By the time she found herself at Vantage Aging as a job seeker in the Senior Community Service Employment Program, she’d developed a love for learning how to repair things. You can sometimes find Sharon at an auto yard where she takes a hands-on, self-taught approach to learn how things work. She brings her curiosity and organizational skills to Vantage’s SCSEP program.
Sharon had been looking for work for six months when she came to Vantage Aging as a job seeker. During this time, she was working on improving her resume, practicing interviewing, and participating in a job club at the Ohio Means Jobs center.
The OMJ center connected Sharon with Vantage’s Senior Community Service Employment Program, where she could use a hands-on approach to gaining the skills she needed for success. Funded by the Department of Labor and Ohio Department of Aging, SCSEP provides paid, hands-on training to job seekers age 55 and older who are trying to re-enter the workforce.
Vantage provides the SCSEP program in 38 Ohio counties to hundreds of older job seekers each year. By empowering older adults with the skills and confidence they need to reach their career goals, the program contributes to healthier local economies and more independent, self-sufficient community members across the state.
Digital Inclusion training
As a SCSEP job seeker, Sharon had the opportunity to participate in Vantage’s Digital Inclusion program.
The Digital Inclusion program improves digital access and computer competencies of older Ohioans through access to digital devices and personalized, one-on-one coaching sessions from trained digital navigators in partnership with the Ohio Department of Aging.
Digital training modules provide a basic skill set that helps older job seekers be more competitive in today’s market. Some of the skill-tested certifications available include Microsoft Office (Word, Excel, and PowerPoint), Google Docs, navigating the internet, email etiquette, career searching, and social media. With this digital training as their foundation, job seekers can confidently practice their new skills at their training sites and prepare themselves for employment in the modern workforce. By including these skill-tested certifications on their resume, job seekers demonstrate to potential employers that they have digital aptitude and that they’re committed to lifelong learning.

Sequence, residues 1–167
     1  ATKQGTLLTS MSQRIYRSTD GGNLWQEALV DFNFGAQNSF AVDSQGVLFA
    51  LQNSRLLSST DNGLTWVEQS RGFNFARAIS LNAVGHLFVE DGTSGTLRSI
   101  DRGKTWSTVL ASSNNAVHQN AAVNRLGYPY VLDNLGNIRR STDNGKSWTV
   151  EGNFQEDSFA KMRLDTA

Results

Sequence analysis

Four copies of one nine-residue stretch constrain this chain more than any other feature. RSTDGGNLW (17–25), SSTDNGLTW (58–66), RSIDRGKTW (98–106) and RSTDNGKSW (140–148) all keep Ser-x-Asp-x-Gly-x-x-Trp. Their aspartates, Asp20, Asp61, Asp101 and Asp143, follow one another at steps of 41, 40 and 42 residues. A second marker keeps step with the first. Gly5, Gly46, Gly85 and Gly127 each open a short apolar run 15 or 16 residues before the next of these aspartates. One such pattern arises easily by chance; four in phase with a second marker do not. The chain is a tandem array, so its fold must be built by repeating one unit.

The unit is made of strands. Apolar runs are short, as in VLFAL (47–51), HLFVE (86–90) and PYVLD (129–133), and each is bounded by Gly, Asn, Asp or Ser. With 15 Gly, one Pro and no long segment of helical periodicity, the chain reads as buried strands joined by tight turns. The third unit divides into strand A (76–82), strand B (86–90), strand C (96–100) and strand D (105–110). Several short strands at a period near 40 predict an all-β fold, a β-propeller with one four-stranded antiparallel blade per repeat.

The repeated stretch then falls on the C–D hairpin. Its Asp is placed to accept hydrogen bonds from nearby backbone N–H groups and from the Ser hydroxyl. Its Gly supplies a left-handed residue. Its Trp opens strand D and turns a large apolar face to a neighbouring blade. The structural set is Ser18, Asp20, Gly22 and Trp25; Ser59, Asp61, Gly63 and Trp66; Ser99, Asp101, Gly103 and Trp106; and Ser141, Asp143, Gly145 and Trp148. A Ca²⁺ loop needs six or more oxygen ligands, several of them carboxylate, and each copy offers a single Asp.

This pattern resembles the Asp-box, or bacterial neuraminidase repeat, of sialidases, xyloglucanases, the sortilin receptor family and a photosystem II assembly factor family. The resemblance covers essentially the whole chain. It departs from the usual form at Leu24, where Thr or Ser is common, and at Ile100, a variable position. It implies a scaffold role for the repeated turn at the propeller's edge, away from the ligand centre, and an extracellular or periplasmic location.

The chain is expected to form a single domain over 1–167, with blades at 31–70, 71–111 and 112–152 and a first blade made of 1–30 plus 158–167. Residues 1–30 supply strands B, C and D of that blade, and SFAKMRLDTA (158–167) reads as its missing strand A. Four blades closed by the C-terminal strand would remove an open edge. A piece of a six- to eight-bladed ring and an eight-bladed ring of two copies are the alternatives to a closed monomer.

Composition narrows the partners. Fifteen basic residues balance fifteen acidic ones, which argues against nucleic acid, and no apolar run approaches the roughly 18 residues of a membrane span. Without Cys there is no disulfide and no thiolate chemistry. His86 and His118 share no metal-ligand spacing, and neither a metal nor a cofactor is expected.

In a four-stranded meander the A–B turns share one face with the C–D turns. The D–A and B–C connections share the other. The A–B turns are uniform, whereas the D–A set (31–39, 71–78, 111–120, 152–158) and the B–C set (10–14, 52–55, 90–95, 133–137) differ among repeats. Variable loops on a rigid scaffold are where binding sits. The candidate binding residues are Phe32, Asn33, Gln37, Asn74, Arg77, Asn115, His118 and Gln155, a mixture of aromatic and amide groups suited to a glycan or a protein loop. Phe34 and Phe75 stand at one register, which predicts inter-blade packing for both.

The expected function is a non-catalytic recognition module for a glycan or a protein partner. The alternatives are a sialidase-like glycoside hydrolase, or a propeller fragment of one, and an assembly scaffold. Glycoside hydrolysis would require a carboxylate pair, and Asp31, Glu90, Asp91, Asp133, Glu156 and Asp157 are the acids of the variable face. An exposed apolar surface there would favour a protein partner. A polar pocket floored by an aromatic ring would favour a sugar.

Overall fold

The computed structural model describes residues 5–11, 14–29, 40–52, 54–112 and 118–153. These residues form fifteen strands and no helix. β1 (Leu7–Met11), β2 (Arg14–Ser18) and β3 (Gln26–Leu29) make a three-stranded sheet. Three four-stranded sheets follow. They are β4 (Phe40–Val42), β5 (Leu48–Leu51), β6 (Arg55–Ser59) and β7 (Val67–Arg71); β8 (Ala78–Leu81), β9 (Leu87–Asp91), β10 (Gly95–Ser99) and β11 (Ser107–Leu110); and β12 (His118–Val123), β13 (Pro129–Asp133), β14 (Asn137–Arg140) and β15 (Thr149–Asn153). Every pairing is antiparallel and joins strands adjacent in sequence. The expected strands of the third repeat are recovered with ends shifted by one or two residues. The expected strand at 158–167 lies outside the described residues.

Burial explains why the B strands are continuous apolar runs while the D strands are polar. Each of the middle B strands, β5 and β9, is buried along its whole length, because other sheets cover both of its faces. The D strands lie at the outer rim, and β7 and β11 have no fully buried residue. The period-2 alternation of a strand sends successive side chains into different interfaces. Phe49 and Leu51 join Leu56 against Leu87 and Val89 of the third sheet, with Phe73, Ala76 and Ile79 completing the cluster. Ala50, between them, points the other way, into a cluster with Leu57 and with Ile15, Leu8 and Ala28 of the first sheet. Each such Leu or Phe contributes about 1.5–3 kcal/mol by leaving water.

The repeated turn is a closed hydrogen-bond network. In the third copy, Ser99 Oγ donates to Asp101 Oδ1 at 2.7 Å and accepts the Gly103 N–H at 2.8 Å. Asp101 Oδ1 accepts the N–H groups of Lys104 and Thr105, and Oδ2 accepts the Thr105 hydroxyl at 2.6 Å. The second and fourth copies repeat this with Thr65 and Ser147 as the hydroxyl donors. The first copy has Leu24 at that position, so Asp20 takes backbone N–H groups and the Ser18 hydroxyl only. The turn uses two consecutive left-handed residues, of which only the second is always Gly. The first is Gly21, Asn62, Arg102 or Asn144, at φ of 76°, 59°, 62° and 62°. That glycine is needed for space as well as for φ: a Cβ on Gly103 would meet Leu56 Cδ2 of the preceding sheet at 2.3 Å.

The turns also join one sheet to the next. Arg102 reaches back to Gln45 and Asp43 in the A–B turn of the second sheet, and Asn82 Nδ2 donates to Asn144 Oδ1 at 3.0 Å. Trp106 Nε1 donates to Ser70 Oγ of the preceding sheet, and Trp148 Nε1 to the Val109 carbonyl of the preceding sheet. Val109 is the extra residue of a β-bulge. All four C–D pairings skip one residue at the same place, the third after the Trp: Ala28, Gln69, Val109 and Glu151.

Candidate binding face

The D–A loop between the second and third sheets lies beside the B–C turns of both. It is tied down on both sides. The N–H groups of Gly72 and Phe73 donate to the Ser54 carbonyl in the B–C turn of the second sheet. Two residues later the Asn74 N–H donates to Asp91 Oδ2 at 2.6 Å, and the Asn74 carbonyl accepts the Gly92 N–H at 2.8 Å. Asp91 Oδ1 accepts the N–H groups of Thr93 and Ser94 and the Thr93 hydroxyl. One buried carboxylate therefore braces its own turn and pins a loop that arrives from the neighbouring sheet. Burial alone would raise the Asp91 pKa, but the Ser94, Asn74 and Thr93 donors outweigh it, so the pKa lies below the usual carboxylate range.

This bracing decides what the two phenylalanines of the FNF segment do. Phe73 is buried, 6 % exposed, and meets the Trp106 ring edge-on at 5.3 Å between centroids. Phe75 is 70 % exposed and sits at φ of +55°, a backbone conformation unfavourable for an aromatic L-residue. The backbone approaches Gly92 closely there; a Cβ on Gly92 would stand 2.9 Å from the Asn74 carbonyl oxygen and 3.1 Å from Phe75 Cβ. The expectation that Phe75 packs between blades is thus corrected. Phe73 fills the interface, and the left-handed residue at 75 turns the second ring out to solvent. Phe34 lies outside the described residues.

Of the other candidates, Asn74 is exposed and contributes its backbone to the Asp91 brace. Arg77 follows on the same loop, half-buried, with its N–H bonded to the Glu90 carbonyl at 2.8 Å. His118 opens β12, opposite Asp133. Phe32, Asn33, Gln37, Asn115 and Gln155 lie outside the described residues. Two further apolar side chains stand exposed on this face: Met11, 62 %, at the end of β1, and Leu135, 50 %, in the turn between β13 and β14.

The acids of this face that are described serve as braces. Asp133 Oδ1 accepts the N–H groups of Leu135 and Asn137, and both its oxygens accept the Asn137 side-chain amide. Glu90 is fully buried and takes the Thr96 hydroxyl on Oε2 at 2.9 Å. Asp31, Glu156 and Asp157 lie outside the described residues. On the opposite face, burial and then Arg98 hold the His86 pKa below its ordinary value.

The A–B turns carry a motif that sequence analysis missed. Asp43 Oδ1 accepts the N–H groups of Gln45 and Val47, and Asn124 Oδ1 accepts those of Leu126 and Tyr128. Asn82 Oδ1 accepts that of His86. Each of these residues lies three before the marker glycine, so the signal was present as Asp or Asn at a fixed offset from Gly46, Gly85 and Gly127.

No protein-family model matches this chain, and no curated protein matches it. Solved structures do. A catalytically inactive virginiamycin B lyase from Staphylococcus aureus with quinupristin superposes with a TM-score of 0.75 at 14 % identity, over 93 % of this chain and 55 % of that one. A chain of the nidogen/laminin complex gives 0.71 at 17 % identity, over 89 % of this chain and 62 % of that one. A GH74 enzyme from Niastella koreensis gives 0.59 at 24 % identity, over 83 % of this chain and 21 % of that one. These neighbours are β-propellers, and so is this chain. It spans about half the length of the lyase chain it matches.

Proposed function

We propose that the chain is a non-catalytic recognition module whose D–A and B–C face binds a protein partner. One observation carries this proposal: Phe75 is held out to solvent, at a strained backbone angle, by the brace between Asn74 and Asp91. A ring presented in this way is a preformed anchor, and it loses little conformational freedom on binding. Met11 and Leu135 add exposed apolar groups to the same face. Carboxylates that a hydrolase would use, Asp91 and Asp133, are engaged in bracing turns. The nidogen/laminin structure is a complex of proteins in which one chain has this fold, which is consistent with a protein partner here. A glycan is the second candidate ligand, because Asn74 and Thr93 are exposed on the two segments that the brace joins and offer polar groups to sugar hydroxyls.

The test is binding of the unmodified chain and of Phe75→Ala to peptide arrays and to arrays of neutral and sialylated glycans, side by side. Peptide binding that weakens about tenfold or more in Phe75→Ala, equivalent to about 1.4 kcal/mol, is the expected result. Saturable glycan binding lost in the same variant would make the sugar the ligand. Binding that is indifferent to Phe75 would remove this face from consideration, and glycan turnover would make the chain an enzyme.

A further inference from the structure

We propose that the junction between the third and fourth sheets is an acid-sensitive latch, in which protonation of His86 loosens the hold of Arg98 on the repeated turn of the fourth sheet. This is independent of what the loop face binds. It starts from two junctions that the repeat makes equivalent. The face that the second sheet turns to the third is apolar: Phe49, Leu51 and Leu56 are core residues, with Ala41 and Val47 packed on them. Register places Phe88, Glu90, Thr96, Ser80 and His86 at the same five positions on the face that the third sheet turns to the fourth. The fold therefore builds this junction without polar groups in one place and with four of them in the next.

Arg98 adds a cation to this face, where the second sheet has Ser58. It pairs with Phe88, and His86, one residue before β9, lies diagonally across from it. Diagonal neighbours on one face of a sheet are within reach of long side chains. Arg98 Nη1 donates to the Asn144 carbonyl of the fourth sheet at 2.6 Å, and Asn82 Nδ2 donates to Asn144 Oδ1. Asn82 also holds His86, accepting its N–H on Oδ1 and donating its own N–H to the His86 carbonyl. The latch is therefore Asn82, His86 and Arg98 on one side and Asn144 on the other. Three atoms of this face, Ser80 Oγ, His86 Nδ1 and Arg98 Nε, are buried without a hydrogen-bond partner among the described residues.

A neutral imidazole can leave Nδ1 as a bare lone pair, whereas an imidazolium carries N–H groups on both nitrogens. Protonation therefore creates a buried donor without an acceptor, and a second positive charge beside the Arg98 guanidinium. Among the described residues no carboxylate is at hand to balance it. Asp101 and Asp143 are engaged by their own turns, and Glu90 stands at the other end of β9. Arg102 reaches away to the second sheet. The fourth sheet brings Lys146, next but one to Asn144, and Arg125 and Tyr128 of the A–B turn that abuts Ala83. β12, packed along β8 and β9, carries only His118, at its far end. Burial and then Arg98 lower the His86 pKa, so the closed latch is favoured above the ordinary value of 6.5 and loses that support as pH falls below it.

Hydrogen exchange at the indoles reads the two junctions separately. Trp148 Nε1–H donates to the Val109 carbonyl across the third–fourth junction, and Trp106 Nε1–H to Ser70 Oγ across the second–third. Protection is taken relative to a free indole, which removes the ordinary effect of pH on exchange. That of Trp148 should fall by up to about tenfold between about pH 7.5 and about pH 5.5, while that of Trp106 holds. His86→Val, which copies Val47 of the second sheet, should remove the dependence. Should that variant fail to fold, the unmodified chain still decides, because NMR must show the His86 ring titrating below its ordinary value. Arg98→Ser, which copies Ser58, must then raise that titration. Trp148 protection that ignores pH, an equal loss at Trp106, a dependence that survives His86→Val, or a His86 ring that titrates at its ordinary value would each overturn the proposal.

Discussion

Before the program, Sharon owned a very old, outdated laptop and did not have access to a hotspot.
Through the Digital Inclusion Program, Sharon now has access to a new laptop, equipped with current features such as Word, and a hotspot. She receives a single device perpetual Microsoft Office license.
“The Digital Inclusion program is a fabulous experience,” said Sharon. “It’s an excellent basis to keep reaching toward my goals. I am ready to go on further and continue taking classes.”
Each job seeker in the Digital Inclusion program is assigned a Digital Navigator to work with one on one. The Digital Navigator is there to clarify lessons as job seekers complete them, as well as help build the confidence of job seekers who may not be comfortable using technology.
With access to digital devices and individual coaching, job seekers like Sharon are prepared to reach their career goals and fill much-needed roles in our workforce. Sharon encourages older adults to participate in programs like Vantage’s Digital Inclusion and continue learning.
“Don’t be afraid of computers or to take courses like Digital Inclusion,” said Sharon. “None of us learned to walk before we crawled. If you want to be successful at anything you do in life, take a chance. You never know where education is going to take you.”
What’s next for Sharon?
Sharon’s goal for the future is to help others reach their full potential in roles that are fulfilling and improve their quality of life. She would like to do this through employment services, such as creating resumes, cover letters, and reference sheets, and job coaching.
“I’m able to look at a job description and know how to word a resume to get an employer’s attention,” said Sharon. “There is a huge need for help making resumes really talk for job seekers of all ages, and I love doing that.”